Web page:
Shetland Islands Council’s accounts has been awarded a clean bill of health by Audit Scotland for the second consecutive time.
Auditors have issued an unqualified opinion of the council’s 2012/13 accounts – a repeat of the positive performance recorded over the 2011/12 accounts in September.
Members of today’s Audit and Standards committee were told Shetland was even being held as an example of good practice by other Scottish local authorities when they were presented with final, signed and audited accounts for the year.
Head of finance James Gray said SIC officials had worked well with Audit Scotland, and thanked finance staff for having pulled their resources together to carry out a worthwhile exercise.
“We’ve got away from being in a position where we relied on one person alone for the accounts. We’ve spread the work across the team,” he said.
Mr Gray also highlighted an authority in the west of Scotland where Shetland had been “congratulated” and held as an example of good practice.
The positive mood marks a considerable turn-around from previous financial years when the council was criticised for the poor quality and lateness of its financial statements.
The most recent papers highlight a total savings figure of £18.5 million for the year, thanks to £15.3 million of budgeted savings and a £3.2 million net underspend on the council’s general account.
However the total draw on reserves was still £20.653 million, which was described as “clearly unsustainable beyond the immediate short term”.
Pressures in the coming year are likely to include increased fuel costs – particularly for ferries. The cost of fuel was an “overriding factor” for the ferries service over-spending by £0.756 in the year.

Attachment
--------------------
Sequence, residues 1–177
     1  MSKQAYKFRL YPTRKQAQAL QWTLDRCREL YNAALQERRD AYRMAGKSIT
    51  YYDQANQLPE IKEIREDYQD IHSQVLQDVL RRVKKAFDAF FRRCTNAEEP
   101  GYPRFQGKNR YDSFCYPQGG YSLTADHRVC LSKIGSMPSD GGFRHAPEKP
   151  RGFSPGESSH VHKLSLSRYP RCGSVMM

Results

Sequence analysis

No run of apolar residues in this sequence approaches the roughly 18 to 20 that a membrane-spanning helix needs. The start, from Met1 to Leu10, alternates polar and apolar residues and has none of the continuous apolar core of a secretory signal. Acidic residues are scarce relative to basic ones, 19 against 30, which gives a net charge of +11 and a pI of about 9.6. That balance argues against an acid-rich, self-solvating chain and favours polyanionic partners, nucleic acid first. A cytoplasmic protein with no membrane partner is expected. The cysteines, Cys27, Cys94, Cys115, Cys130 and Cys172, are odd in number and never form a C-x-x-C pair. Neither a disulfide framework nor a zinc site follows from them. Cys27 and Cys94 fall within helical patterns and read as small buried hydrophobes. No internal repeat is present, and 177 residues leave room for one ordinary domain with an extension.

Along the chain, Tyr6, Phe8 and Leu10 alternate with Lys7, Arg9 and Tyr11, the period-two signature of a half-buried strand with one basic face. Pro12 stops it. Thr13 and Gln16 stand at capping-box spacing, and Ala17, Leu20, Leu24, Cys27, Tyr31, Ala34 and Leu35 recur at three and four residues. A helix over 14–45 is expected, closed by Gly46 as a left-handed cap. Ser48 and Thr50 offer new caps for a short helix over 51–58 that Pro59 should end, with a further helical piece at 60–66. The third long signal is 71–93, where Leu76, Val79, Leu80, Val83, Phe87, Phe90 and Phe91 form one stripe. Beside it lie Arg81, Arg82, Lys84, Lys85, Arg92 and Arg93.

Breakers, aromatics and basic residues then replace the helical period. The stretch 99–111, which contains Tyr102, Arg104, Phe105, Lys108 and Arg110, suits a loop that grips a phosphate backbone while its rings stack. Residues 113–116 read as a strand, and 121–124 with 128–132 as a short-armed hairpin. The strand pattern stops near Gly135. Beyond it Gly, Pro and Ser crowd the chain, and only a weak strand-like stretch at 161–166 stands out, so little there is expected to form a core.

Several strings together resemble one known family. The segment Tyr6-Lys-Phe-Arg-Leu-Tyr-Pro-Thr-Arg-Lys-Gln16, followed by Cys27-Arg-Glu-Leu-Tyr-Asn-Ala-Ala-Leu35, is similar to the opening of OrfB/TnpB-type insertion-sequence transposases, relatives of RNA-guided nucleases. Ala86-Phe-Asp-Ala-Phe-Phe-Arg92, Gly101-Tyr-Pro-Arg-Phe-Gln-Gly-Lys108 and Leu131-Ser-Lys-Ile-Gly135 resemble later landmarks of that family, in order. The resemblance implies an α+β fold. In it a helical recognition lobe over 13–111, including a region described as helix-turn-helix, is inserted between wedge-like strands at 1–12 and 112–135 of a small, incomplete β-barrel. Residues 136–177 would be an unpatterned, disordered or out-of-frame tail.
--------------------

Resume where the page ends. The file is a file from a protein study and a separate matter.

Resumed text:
Chairman Allison Duncan singled out head of finance James Gray and his staff for preparing a “comprehensive and well-prepared” set of working papers.
He told members: “This represents a major turn-around from the difficulties of two years ago. It is good to hear the good news in this report and I can’t sing your praises highly enough.”
Key among the questions raised by members concerned the new Anderson High School project, due to open in at the Clickimin site in less than three year’s time.
Billy Fox highlighted a list of five points contained in the report, which indicated maintenance costs of the new school would be higher than those for the school at the Knab.
He questioned why that should be the case, especially as maintenance costs had been “a major plank” in the argument for the new school.
“We’re being told we were spending £1 million a year on maintenance for the current building,” he said.
Mr Gray said the maintenance bill at the Knab site was short of a £1 million. But he said that was the amount that would be required if education continued in the long-term at the Knab.
“A new school would have lower maintenance costs than £1 million,” he added.
Mr Fox said he hoped the figures were not “laying the groundwork” for a maintenance contract which was higher than necessary. Mr Gray said Hubco and Scottish Futures Trust were aware the council was working to minimise costs.
Earlier in the meeting debate surrounded the £5 million wasted on the defunct Anderson High replacement at the Knab without a brick ever being laid.
The committee has already sought a report which is due to be presented to councillors at a future meeting.
Chief executive Mark Boden today took on the job of setting up a members’ group to investigate the issue.
However Andrea Manson insisted all it would find was that the council “changed its mind”.
“What’s the point in spending thousands of man and woman hours on this when there is more sense in looking at what we are going to do with the site?” she demanded.
She was backed by Vaila Wishart. However Mr Duncan believed the wasteful spending of £5 million needed a deeper analysis.
“We’re speaking about £5 million, and whether we can learn any lessons from this,” he said.
Michael Stout said more needed to be understood about why councillors took a change of heart.
“I’m not interested in the fact the council changed its mind. I’m interested in the process through which it went to change its mind,” he said.
“We have a responsibility to be clear how not to go down that road again.”
Mr Boden said councillors, in opting to move away from the Knab site, had changed their minds “after the last moment at which you can change your mind”.
He suggested members take part in a management training programme being recommended for senior managers.
The doomed Anderson High project at the Knab, he said, could yet prove to be a case study for all members.